“Yes,” you say, “but not only have I not had a promise, but I have not had any comforting sign whatever. The more I pray, the worse I feel; and the more I groan, the more it seems that I may groan. If my prayers are arrows, they are arrows that fall downwards, and return into my own heart instead of flying up to God’s ear. I must pray, I cannot help it; my soul would burst if it did not express itself in words; yet my prayer does me little or no good. I rise from my knees more distressed than ever, and I come out of my closet, not as a man released from prison, but as he that passes from one dungeon to another. The Lord hath refused to listen to my supplication; he hath forgotten to be gracious, in anger he hath shut up the bowels of his compassion.” Perhaps you even go further than this, and say, “I feel as if my prayer never would be answered. Something within me tells me that I may pray, but that, after all, I shall perish; that there may be mercy for all others in the world, but not for me. I may lift the knocker of mercy’s gate, but the sound shall be only like that of a hammer upon my coffin; there shall be no music of hope as I rap at the golden gate. I know that God heareth prayer, but not the prayer of the wicked; that is an abomination unto the Lord. Such, I fear, is my prayer; and, therefore, he will not hear me.” Ah, poor soul! let me remind you that there is nothing that is so deluding as feelings. Christians cannot live by feelings, nor can you. Let me further tell you that these feelings are the work of Satan, they are not right feelings. What right have you to set up your feelings against the Word of Christ? He has expressly said, “For every one that asketh receiveth; and he that seeketh findeth; and to him that knocketh it shall be opened.” It is not a question whether a man who truly prays shall be saved. He is saved, though he may not know it; he has the germs of salvation in his prayer. “Behold, he prayeth,” means, “Behold, he liveth; behold, he is accepted; behold, heaven openeth its gates for him.” He prays; Jehovah hears; mercy answers; the man is blessed. I pray thee, then, let not thy feelings fly in the teeth of God’s promises, but hope on; for, though thy case be very sad, it is not a strange one, and there is hope for thee.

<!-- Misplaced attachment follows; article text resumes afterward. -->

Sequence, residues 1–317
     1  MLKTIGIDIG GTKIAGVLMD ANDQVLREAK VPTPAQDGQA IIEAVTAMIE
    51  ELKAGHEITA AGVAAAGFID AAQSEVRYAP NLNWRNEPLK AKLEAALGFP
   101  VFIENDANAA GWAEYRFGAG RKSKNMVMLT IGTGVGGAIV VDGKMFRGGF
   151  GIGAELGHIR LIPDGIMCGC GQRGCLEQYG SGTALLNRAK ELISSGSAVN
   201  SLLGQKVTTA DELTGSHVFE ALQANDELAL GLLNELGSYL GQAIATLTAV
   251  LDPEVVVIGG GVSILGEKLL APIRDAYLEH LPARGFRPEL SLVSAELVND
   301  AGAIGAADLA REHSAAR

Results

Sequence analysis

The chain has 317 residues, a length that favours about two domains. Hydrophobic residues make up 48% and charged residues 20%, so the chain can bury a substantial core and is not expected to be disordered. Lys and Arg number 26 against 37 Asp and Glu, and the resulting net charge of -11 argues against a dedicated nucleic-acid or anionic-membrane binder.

Having thus described your case, let me now warn you of a danger. There is a danger to which all those are exposed who have prayed for any length of time without consciously receiving an answer from God, and that is, either to get despairing thoughts of themselves or else hard thoughts of Christ. That poor Canaanite was a brave woman. She came of an accursed race, but certainly there was a special blessing resting upon her. If you or I had been there when Christ spake to her so harshly, I wonder whether we should have taken his remarks so well as she did. Do you remember times when Christ has been silent to you? If so, you can imagine what her feelings must have been when “he answered her not a word.” Some of you, who have quick tempers, would have said, if that had been your experience, “Is this the Messiah of whom we have heard so much, and who is said to be so ready to relieve the distressed? Here have we been crying to him in tones that seemed piercing enough to make a heart of adamant melt for us, yet he has not deigned to answer us. He seems to be stone deaf; or, if he hears us, he does not condescend to give us any reply. Is this the kind and tender spirit of which we have heard so much?” And when at last he spake, and said, “It is not meet to take the children’s bread, and to cast it to dogs,” — some would have said, “If he would not grant us our request, he need not have used insulting epithets to us. Dogs, indeed! What means he by that term? He means that we do not belong to the favoured race of Israel; and a fine thing it would be for us if we did. Are they not oppressed under the Roman yoke, and cast off like withered branches?” The Canaanite woman might have said, “Why does he call me a dog? Am I not a woman, and an honest woman, too, and one who does not deserve such a title as that? I wish I had never asked for mercy at his hands. To get such an insult as to have the name of ‘dog’ thrown at me, is too bad; and I will not endure it.” That may be a strong way of putting the matter, but you and I have probably put it in just that way. Have we not thought, because Christ has not answered our prayers, that there was a mistake about his graciousness, — that he was not the Christ that some said he was — that he did not mean his invitation when he said, “Come unto me, all ye that labour and are heavy laden, and I will give you rest;” that he desired to tantalize poor souls, making them pray and cry to him while he meant to be deaf to their requests? Have you not had hard thoughts of Christ like those? If you have, I pray you to put them all away from you, and not to fall into this snare of Satan. Jesus is the good Christ still. Though he may seem to be stonyhearted, he is not so in reality; he is always tender, he hath bowels of compassion. Slander him not, then; but be of good courage, and still cry unto him.